Ireland and the First World War
Paying the price to
the uttermost farthing?
Women and the First World War
Women’s Studies Seminar – Sat. 1st March, 2014
Kane GO1 at 10.00 a.m. (registration from 9.30 a.m.)
Contact email@example.com for further information and to register an interest in attending
Location: UCC Kane Building G01
Session 1 (Chair Dr Clare O’Halloran)
10:00 Seminar opening
Poetry reading by Eadaoin O'Donaghue:
Munition Wages by Madeline Ida Bedford
Hallow-e’en 1915 by Winifred M. Letts (1916)
10:15 – 11:25: Panel 1: Women and Forms of Work
Dr Mary Muldowney: ‘Unsuitable work for women’. Employment in munitions and railways during the First World War.
Dr John Borgonovo (UCC) Unionists, Nationalists, and Separation Women: The Mobilisation of Cork Women, 1914-1918.
Dr Sandra McAvoy (UCC) Relief Work in a War Zone: Cork Suffragist Susanne Day’s Experience.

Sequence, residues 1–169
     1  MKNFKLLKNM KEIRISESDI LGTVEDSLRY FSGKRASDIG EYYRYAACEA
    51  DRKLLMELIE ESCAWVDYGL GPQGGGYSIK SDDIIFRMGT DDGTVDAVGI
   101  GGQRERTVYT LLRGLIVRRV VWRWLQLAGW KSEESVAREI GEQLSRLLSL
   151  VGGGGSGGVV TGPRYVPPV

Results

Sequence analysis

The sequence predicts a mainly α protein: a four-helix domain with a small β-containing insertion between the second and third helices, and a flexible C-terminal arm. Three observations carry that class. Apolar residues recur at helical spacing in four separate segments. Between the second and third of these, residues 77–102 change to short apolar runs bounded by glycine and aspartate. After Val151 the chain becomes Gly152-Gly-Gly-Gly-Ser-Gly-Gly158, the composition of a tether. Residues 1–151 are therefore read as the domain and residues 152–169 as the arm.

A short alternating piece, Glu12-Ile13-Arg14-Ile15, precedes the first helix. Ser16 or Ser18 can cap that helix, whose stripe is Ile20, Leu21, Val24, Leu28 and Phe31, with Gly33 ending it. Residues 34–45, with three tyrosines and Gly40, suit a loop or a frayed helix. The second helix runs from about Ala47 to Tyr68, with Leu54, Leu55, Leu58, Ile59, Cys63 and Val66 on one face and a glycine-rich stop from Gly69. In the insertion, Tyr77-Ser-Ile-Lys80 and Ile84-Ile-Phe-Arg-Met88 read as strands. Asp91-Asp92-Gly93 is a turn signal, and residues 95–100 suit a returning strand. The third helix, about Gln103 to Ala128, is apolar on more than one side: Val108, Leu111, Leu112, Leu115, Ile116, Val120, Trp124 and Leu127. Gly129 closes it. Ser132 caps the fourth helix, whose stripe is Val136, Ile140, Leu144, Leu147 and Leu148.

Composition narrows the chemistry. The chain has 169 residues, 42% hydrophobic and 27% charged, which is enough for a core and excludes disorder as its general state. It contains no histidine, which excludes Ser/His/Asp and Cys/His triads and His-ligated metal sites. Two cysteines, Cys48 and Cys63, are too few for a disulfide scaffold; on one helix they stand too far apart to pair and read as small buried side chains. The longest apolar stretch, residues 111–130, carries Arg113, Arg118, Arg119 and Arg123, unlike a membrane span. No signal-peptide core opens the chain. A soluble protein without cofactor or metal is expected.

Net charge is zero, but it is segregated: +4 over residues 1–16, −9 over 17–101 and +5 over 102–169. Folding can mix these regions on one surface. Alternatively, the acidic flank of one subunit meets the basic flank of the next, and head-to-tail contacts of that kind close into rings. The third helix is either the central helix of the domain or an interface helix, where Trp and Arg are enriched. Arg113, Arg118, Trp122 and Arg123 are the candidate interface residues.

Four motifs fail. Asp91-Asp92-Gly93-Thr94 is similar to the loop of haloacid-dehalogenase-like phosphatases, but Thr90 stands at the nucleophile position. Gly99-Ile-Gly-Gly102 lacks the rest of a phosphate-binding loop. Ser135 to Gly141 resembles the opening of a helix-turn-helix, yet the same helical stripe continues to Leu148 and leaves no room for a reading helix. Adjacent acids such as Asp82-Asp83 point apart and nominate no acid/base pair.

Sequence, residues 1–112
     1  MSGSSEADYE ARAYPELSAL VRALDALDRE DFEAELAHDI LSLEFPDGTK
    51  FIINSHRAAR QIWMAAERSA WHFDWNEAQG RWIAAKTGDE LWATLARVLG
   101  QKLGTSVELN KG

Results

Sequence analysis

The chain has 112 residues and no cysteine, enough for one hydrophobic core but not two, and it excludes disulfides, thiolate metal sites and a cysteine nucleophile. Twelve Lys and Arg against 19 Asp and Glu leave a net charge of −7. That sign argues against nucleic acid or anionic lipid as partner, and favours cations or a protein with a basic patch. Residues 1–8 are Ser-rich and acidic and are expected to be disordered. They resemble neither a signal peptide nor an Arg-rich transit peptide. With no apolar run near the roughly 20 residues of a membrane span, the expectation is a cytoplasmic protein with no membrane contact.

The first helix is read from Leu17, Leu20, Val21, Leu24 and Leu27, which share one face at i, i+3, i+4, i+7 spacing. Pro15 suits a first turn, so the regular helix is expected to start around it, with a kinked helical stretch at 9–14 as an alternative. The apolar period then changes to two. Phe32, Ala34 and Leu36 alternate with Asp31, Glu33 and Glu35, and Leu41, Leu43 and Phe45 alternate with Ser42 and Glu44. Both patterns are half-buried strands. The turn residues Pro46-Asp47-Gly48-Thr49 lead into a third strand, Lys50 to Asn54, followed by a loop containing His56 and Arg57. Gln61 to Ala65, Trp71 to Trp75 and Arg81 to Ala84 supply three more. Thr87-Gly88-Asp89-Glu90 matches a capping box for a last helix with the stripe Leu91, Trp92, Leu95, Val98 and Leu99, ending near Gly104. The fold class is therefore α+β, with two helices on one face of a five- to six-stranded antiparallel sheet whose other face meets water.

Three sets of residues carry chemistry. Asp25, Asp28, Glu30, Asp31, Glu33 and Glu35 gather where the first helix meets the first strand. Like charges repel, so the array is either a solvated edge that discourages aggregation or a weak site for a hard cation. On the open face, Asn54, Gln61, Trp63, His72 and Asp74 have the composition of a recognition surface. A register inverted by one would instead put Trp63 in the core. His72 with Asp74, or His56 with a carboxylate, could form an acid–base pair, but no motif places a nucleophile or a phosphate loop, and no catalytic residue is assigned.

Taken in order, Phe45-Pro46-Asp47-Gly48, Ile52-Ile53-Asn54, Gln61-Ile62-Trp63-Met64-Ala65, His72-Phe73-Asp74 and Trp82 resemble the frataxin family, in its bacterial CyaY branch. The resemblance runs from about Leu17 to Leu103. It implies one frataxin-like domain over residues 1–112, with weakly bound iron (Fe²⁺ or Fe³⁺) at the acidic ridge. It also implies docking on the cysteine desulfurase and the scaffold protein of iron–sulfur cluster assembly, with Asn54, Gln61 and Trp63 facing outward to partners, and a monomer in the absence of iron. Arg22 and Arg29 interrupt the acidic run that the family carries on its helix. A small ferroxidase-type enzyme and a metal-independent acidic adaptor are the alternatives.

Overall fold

11:25 – 11:30 short break
Session 2 (Chair Maeve O’Riordan)
11:30 – 12:05 Keynote Speaker
Rosemary Cullen-Owens: 'WOMEN OF EUROPE, WHEN WILL YOUR CALL RING OUT?' Appeal by Louie Bennett in Jus Suffragii, 1 March 1915, (Journal of the International Woman Suffrage Alliance).
12:05 -12:20: Break
Teas and coffees will be served
Session 3 (Chair Dr Sandra McAvoy)
12:20 – 1:10 Panel 2: Women and remembrance
Maeve O’Riordan (UCC): ‘I read the Times every day’: Lady Inchiquin’s First World War experience.
Dr Clodagh Tait (Mary Immaculate College): Landscapes of loss: mourning and memory in an east Cork parish.
1:10 – 1:30 The Diary of Mary Martin
Rachel Murphy MA (UCC): We have started saying the rosary together for you every night’: A Mother’s Perspective on the First World War, based on The Diary of Mary Martin 1916, a Digital Project.
Close of event
Cork Studies in the Irish Revolution:
Ireland and the First World War: ‘in defence of right, of freedom, and of religion’?
University College Cork, Friday 24th and Saturday 25th January 2014
Download conference programme here Ireland and the First World War (84kB)
The History Show - RTÉ Radio 1 (download a podcast of this programme from Sunday 19 January)
Conference organised by the School of History University College Cork, with generous assistance from the Research Fund, School of History, University College Cork, and the Reconciliation Fund of the Department of Foreign Affairs and Trade.